Photo: Wikimedia Commons
The Atari 2600 was unarguably iconic. But by no means was it the first home gaming system.Few people know that there was a console called the Odyssey that came a full three years before it.
Video game history is riddled with little oddities like the Odyssey. Forgotten gaming systems that were too expensive or weird for their times to be successfully adopted by the masses.
What follows are 12 quirky systems that failed to gain traction and were ultimately discontinued. They live on in eBay auctions and yardsales.
Sure, you might have some of the following systems laying around your house right now. But you’re in the minority.
In 1995, Nintendo's Virtual Boy was the first video game system capable of displaying 3D graphics right out of the box using the same parallax barrier display we're seeing now in phones like the LG Thrill and the HTC EVO 3D.
Popular games included Red Alert and Mario Tennis.
Panasonic launched this device in 1993. It was groundbreaking at the time, earning Time Magazine's Product of the Year award in 1994, but its $700 price tag and numerous competitors ultimately turned this promising console into a flop.
The Sega CD was an add-on for the Sega Genesis that gave the console the ability to play CD-based games and play music off of CDs.
This is the world's first video game console. Released in 1972, it predates Atari Pong by three years.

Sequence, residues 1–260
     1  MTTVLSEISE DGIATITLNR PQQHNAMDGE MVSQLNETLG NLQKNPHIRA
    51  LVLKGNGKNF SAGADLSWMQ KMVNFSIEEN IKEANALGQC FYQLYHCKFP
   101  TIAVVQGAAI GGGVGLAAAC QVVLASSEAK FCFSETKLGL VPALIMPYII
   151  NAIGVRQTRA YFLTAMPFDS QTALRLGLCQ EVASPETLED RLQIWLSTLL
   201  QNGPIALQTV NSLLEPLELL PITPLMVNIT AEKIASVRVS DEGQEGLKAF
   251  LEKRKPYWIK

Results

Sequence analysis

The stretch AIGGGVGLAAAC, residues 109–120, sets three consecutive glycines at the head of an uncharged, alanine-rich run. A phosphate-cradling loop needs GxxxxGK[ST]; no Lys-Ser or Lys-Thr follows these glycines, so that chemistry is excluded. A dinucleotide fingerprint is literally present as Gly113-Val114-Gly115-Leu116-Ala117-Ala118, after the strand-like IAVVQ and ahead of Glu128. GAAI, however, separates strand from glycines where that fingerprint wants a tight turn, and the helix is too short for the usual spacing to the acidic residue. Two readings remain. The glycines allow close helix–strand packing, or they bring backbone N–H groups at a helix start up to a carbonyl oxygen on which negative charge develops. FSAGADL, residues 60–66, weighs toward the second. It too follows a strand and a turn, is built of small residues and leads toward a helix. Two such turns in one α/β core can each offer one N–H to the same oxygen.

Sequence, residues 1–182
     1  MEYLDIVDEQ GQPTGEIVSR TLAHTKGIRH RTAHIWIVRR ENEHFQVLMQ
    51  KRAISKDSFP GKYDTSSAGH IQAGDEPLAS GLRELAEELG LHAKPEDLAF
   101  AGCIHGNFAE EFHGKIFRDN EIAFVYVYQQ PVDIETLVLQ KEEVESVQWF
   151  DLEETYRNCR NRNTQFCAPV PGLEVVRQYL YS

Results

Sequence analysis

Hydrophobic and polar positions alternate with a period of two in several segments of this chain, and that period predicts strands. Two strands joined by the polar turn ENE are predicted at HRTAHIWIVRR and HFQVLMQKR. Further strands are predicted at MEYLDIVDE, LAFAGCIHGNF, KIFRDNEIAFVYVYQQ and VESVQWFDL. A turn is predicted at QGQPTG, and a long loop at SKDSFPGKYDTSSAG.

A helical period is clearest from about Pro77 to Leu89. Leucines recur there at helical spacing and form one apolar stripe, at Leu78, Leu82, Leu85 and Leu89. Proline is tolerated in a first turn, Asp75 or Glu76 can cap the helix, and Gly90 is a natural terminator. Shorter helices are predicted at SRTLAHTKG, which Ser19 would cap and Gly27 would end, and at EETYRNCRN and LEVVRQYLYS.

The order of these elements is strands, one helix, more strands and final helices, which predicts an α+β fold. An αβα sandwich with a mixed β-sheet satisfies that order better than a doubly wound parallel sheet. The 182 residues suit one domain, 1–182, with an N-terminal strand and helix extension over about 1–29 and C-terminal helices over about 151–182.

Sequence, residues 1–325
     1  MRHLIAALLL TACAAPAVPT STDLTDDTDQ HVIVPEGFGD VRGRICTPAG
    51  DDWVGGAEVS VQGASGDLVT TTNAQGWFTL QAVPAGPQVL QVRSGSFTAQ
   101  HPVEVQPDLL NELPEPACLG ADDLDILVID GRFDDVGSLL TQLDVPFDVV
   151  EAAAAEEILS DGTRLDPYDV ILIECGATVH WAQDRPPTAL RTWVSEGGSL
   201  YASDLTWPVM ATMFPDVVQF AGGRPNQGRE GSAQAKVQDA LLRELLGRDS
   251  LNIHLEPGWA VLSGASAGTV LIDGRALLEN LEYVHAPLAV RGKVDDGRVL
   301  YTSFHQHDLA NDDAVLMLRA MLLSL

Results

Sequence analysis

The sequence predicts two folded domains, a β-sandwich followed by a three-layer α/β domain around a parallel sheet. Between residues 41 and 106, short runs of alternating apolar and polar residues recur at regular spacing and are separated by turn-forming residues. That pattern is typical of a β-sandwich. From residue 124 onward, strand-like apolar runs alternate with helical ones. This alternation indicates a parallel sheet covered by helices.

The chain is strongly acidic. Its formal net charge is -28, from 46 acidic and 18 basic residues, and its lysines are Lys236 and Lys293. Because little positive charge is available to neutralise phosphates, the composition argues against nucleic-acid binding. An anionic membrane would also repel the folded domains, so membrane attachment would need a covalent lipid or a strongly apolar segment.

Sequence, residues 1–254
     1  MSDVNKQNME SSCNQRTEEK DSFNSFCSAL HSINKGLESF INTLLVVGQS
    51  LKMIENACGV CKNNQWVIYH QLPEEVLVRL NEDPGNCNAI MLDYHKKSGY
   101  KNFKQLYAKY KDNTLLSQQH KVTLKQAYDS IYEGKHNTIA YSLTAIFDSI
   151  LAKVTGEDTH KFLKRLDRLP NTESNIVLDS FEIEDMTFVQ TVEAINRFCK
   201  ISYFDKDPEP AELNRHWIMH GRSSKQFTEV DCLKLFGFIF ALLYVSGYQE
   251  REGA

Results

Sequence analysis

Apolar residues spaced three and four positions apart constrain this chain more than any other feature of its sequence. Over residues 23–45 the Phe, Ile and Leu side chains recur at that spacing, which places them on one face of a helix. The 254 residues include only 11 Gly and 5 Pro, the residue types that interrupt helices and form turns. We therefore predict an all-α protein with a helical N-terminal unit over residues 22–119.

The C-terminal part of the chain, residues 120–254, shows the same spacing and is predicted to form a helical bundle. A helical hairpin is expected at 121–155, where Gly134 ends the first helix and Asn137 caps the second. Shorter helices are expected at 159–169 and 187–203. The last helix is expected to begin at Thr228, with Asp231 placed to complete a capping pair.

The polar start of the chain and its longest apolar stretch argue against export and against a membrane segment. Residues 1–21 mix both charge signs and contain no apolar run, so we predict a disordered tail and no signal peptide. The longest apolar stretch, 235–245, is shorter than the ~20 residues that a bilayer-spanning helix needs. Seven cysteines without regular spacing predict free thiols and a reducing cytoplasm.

Furthermore, it supported peripherals that were unheard of at the time -- it used a Nintendo-style light gun, obviously well before Nintendo did.
The full title of this system was 'TurboGrafx-16 Entertainment SuperSystem.' It appeared in North America in 1989 and was capable of displaying 482 colours simultaneously, unheard of at the time.
On top of this, it holds the Guinness World Record for being the smallest video game system ever made (measuring 5.5in × 5.5in × 1.5in).
A home computing classic, the Commodore 64 was a huge commercial success when it debuted in 1982. It retailed for $595 and sold somewhere between 12.5 million and 17 million units.
Its popularity has held sway to the point that there are online communities revolving around maintaining and using them to this day.
When the Sega Saturn was released in the US in 1995, it just failed to gain traction against the Nintendo 64 and the Sony Playstation. Despite its lack of success, IGN named it the 18th best console ever made.
It was discontinued in 2001, making it Sega's final console. Bernie Stolar, ex-President and CEO of Sega of America, said they discontinued it so that the company could focus on software.
This console boasts some much-loved games, such as Phantasy Star Online and ChuChu Rocket!
Before Texas Instruments became intrinsically linked to calculators, in 1982 they produced the TI-99/4A, an early home computer comparable to the Commodore 64.
A number of games were available for it, and many of them could be forced into 'cheat mode' by holding the shift key and pressing 838.
Not a console, really, but the Power Glove was a quirky peripheral for the NES that used your entire hand. It wasn't popular and was harshly criticised for its difficult controls.